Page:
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This post is not an ad, (but is likely to be controversial).

“Momfluencer's are just like us, except they aren’t. They are mothers, yes. They are also marketing strategists, content creators, lighting experts and advertising executives. The momfluencer is a construct, created by real mothers, in concert with tech companies and consumer brands, as a way of making a living on social media.”

Sara Petersen, ’Momfluenced’ (2023).

Open Instagram and we will likely find ourselves looking at a ‘momfluencer’ post or story shared with 'ad' or ‘gift’ typed in the corner. Thumb scroll after thumb scroll, this personal, almost hourly updated content could be likened to modern day infomercials.

Mindlessly, we are viewing posts and stories that reveal an insight into the life of a mother through the guise of entertainment.

This presented lifestyle might be enjoyable, (or a subconscious form of escapism), but it is likely unattainable and the more we are distracted into believing aspirational bed linen could make our experience of motherhood less challenging, the less we address the fractured systems making motherhood so hard.

The momfluencer culture has become excessively focused on materialistic pursuits and followers. We now look to these profiles for advice on wellness, parenting and to shop the latest 100% organic cotton fashion. With an overload of consumerism, we are losing authenticity and motherhood as we know it is discount codes, brand promotions and ‘day in the life’ of reels. This public performance of mothering is absorbing our time, diverting our attention and shifting our priorities.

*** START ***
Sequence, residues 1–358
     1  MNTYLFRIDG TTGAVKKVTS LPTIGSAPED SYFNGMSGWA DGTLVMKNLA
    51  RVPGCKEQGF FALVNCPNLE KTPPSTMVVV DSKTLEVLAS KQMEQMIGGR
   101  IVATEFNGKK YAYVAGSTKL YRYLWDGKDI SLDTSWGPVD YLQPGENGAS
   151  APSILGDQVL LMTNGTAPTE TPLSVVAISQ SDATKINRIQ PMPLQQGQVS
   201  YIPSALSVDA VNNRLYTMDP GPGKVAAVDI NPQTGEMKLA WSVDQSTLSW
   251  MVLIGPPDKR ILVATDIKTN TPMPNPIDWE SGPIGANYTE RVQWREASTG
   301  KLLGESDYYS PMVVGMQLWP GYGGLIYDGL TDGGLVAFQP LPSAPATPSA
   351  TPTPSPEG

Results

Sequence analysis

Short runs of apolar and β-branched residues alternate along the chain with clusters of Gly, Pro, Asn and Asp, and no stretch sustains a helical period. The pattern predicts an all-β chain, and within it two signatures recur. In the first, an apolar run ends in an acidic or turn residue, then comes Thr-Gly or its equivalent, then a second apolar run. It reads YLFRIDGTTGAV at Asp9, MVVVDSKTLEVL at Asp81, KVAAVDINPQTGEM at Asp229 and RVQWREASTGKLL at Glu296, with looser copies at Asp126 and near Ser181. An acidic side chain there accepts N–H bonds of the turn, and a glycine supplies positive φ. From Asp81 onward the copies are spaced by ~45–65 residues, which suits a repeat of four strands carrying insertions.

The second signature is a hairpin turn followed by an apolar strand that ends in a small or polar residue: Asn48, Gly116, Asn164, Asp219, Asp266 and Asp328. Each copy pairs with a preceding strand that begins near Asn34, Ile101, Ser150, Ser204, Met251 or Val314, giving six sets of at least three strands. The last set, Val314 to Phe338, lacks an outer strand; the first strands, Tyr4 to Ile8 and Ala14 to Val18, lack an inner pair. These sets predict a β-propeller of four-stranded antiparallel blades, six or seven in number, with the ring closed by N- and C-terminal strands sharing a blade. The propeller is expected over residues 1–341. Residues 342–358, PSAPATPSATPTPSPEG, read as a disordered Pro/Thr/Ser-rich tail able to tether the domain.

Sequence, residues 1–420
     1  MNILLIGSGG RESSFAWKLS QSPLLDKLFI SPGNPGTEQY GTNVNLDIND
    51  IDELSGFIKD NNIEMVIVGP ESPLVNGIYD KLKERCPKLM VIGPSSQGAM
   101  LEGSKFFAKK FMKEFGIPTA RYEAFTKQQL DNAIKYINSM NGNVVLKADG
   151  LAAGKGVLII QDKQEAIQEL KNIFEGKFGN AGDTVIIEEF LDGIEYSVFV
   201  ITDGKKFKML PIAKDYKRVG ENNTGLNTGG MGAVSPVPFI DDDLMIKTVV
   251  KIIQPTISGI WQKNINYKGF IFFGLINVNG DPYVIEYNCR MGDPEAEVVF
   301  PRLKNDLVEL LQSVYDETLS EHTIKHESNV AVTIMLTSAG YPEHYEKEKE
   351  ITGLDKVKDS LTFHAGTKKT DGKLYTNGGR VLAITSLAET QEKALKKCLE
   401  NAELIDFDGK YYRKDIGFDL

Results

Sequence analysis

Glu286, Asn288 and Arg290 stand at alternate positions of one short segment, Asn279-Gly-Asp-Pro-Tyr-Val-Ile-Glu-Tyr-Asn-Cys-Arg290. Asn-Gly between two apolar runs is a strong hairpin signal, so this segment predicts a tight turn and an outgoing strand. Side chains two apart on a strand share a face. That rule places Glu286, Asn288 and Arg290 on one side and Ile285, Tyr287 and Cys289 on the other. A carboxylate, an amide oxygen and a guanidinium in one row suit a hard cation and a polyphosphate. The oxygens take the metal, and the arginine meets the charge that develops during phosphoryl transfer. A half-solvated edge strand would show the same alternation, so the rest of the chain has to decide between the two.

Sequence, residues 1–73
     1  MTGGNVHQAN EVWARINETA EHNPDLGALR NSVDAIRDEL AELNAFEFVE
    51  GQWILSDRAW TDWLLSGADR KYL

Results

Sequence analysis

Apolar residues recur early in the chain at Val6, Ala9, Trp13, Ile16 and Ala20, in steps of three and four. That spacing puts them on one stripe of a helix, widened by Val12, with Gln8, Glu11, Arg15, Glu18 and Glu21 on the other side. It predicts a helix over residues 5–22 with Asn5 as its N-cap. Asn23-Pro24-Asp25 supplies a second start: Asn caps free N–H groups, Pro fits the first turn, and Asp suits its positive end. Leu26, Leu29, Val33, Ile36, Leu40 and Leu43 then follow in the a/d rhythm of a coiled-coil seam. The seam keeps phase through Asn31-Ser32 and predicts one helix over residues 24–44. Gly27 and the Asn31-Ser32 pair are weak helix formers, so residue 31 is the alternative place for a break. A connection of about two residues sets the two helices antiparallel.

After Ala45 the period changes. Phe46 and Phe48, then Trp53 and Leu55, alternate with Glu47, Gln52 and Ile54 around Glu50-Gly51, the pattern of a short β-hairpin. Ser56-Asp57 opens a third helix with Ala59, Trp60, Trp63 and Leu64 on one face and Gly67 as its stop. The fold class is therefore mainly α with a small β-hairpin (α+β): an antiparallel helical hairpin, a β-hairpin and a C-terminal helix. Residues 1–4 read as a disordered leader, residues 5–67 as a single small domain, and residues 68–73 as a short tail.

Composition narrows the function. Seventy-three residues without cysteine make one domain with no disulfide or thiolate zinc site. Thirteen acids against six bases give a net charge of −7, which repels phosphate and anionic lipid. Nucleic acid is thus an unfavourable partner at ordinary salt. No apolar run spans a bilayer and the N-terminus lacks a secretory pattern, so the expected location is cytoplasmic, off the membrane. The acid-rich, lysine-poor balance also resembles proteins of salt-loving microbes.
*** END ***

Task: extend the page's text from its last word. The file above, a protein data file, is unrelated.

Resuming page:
Momfluencer’s have become our modern day village, an influenced village with discrepancies between sponsored content and the day-to-day reality of mothering. Instead of shared wisdom, we now look to women who promote brands and services in hopes that owning what they are using will help us to feel better or to make mothering easier. We are constantly being sold the dream of motherhood itself and the glorification of the ideal mother.

I do want to be sensitive to those who work to make a difference with genuine content - not all momfluencer’s monetise their influence, however, we are at our most vulnerable during our pregnancy and postpartum period and the majority of these accounts can so easily lead us to feel overwhelmed with endorsed information, or cause feelings of doubt or comparison.

It has become so hard to define motherhood for ourselves when social media is defining motherhood for us. What we need is foundational education, honest discussions and authentic community connection and it is time that we encourage a more accurate and diverse depiction of how the life of a mother truly is.


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